Where a dispute concerns the exercise of the right to self-determination, the resolution may be achieved by constitutional means and within the framework of the territorial integrity of the relevant State (eg, the secession of the Republic of South Sudan which was achieved by referendum after years of conflict). However, in some cases such disputes may be resolved by non-constitutional means, as was the case of Eritrea’s war of independence from Ethiopia. Any resolution may be temporary and will depend, in any case, upon international recognition of the new State. 

“Provisional arrangements of a practical nature” – Joint Development Zones

Pending resolution of a dispute, States are encouraged by UNCLOS to make “every effort to enter into provisional arrangements of a practical nature”. Accordingly, whilst a permanent agreement may take many years to accomplish, States may nonetheless be able to reach an agreement to establish a Joint Development Zone (or JDZ) which will enable them to explore and develop the natural resources within the disputed territory. Under JDZ agreements, the States suspend their disputes over sovereignty, formalize the conditions for development and agree to the sharing of returns. The terms of JDZs vary, but the two States often co-operate to hold licensing rounds on a joint basis unless they have devolved their sovereign and regulatory rights and powers to a joint development authority (as is the case in the Nigeria/Sao Tome JDZ). The establishment of a JDZ can be a positive step which provides more security for commercial stakeholders, albeit that there may remain certain points of uncertainty. For example, the duration of the joint development agreement may be unclear or capable of variation. There may also be a lack of clarity as regards treatment of hydrocarbons which straddle the border of the JDZ into the recognized sovereign territory or maritime control of one of the States in the absence of an international unitization agreement.

Key issues for commercial stakeholders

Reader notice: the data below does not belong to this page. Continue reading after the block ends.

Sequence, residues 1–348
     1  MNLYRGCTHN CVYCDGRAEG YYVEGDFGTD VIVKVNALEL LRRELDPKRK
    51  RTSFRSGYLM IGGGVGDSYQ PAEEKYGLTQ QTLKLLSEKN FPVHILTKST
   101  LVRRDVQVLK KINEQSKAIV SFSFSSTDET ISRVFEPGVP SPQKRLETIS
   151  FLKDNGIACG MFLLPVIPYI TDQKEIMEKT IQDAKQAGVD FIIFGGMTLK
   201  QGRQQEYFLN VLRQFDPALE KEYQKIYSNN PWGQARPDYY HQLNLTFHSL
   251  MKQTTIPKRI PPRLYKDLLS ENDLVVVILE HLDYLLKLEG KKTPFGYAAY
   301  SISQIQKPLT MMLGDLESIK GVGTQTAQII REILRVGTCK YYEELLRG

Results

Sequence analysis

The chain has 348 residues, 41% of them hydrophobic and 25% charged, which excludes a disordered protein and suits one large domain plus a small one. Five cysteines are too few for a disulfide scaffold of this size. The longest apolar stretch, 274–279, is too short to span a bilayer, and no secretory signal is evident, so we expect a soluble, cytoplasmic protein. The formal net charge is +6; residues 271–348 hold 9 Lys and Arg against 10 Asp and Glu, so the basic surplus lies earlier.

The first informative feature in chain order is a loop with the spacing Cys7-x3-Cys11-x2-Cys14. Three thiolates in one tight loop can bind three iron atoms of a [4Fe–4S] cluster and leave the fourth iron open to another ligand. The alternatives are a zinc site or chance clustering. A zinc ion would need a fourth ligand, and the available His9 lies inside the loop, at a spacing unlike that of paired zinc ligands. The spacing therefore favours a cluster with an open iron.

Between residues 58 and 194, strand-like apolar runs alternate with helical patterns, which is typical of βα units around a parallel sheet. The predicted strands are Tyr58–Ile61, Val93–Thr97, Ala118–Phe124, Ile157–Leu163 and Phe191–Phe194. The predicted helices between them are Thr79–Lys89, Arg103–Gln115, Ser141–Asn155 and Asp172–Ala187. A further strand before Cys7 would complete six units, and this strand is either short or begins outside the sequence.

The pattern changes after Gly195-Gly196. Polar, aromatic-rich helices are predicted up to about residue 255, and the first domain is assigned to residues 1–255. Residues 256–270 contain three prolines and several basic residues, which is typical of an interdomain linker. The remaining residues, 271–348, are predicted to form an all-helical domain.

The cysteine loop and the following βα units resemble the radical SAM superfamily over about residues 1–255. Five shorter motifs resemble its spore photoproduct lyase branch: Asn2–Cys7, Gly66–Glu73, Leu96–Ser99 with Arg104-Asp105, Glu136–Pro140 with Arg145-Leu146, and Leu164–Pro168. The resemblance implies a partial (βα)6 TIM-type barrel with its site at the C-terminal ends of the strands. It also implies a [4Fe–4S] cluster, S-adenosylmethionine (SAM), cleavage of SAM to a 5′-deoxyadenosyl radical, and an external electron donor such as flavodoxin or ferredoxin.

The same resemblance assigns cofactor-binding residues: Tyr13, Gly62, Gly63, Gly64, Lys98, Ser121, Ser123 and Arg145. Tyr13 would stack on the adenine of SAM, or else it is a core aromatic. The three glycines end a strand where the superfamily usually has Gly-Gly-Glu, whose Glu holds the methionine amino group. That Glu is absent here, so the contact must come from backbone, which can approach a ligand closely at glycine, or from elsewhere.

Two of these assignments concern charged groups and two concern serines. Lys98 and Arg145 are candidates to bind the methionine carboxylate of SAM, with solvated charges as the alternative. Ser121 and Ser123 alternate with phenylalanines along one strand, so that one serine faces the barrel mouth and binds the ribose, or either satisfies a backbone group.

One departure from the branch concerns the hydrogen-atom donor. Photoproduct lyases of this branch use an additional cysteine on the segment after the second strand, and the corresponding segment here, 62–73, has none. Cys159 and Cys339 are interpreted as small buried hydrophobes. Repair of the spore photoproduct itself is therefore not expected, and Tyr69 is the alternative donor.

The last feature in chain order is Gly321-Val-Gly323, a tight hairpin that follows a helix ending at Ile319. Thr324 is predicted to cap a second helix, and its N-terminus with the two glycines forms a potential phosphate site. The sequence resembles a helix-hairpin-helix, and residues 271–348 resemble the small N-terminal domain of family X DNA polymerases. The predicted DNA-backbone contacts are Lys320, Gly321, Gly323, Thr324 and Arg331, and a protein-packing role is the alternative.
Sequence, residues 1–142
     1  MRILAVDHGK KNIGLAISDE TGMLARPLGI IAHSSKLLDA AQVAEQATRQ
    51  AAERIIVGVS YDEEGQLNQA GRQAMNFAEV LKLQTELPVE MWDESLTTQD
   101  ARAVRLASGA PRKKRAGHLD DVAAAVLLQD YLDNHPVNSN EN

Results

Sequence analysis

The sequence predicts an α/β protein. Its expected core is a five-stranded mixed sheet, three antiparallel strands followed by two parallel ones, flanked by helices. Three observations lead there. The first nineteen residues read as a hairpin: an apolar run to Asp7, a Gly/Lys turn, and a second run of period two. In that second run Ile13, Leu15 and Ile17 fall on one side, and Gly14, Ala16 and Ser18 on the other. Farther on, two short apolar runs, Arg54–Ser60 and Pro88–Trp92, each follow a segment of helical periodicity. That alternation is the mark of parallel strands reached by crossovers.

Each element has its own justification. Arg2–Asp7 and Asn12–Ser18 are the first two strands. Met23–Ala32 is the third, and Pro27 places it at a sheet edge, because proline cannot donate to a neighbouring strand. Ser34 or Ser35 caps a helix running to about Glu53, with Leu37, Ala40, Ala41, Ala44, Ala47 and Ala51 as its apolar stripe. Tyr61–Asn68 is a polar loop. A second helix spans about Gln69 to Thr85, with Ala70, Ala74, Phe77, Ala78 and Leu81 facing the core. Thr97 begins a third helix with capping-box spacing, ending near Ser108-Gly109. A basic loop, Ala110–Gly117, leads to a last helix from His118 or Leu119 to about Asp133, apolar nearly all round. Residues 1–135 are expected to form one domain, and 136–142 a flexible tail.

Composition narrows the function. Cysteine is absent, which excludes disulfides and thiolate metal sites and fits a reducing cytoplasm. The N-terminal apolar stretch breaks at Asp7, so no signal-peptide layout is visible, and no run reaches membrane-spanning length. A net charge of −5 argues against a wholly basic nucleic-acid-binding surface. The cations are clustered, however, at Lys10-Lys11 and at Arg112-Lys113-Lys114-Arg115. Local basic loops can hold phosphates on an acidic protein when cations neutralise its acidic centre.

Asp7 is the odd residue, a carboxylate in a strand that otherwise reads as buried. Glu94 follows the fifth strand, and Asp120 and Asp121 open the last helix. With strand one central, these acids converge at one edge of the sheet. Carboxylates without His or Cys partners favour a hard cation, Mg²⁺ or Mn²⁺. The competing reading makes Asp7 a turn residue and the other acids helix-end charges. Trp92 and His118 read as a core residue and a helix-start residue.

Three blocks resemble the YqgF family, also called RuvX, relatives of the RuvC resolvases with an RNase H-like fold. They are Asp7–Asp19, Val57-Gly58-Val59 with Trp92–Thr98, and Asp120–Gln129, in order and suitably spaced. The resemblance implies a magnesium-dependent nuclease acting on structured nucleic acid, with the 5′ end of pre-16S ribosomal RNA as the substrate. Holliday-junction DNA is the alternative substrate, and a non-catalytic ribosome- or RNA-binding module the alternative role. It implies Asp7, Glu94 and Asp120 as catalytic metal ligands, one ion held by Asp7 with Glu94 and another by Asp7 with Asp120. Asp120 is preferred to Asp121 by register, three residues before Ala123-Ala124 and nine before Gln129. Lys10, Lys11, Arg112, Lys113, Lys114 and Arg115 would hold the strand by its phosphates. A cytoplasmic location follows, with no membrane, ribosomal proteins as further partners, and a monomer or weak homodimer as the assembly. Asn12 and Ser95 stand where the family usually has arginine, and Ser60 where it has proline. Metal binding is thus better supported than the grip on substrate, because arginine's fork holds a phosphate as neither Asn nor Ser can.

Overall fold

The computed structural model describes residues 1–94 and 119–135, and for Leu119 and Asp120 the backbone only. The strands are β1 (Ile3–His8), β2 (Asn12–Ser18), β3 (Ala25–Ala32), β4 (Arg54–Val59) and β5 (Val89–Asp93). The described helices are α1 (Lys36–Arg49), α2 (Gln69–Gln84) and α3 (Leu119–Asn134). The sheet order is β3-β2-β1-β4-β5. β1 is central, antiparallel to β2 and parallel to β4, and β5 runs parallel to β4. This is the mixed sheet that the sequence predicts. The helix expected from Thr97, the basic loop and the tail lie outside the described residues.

The economic reality is that opportunities for activity in disputed territories cannot be ignored. However, the risks are complex. 

The position under international law with respect to an opportunity offered to explore or develop a field is a primary consideration. For example, an IOC considering a licence or concession opportunity needs to assure itself regarding the extent to which the State in question is able to grant those rights. There may be competing claims to sovereignty over the territory in question. Further, the claim of a State in relation to a territory may be questionable in light of other claims. These claims may be those of another State, or the territory concerned may be non-self governing. A maritime boundary may not have been established and the area in question may be subject to competing entitlements and overlapping claims.

Some of these same considerations apply even if the rights are not derived directly from a State. For example, when looking at farm-in opportunities, it is important to make sure that the title to the original petroleum agreement is validly granted as a matter of international law, otherwise any further rights derived from it are potentially unenforceable. 

The fact that an oil or gas concession has been granted by a particular State is not in itself determinative of the sovereignty of that State over that territory or delimitation of a maritime boundary. Nor can it be relied upon to justify the adjustment or shifting of provisional lines of delimitation. The now consistent case law of international courts and tribunals is that the presence of such concessions is only relevant where it evidences or was based upon the existence of some express or tacit agreement between the States relating to the rights over the area in question.

The flipside of the encouragement in UNCLOS to enter into provisional arrangements is the existence of a similar exhortation to make every effort “not to jeopardize or hamper the reaching of the final agreement”. This standard has been invoked where concessions have been granted by one State in disputed areas. In this context, a tribunal considering competing claims may interfere substantially with exploration or other commercial activity in disputed areas, if a risk of irreparable damage or prejudice to one of the party’s rights can be established as resulting from that activity.

For example, in the Aegean Sea Continental Shelf case between Greece and Turkey, Greece sought an order from the ICJ which would have put a halt to exploration activity and related scientific research that had been granted by Turkey under a concession. In the event, the ICJ dismissed Greece’s application on the basis that there was no irreparable prejudice. In a more recent example, a number of concessionaires were facing possible disruption last year when a special chamber of the ITLOS considered the request of Ivory Coast for provisional measures to stop drilling in the context of a territorial dispute with Ghana. The special chamber ordered Ghana to prevent any new drilling in the disputed area and to monitor strictly, and prevent the dissemination of, non-public information from past, ongoing or future exploration activities which could be used to the detriment of Ivory Coast.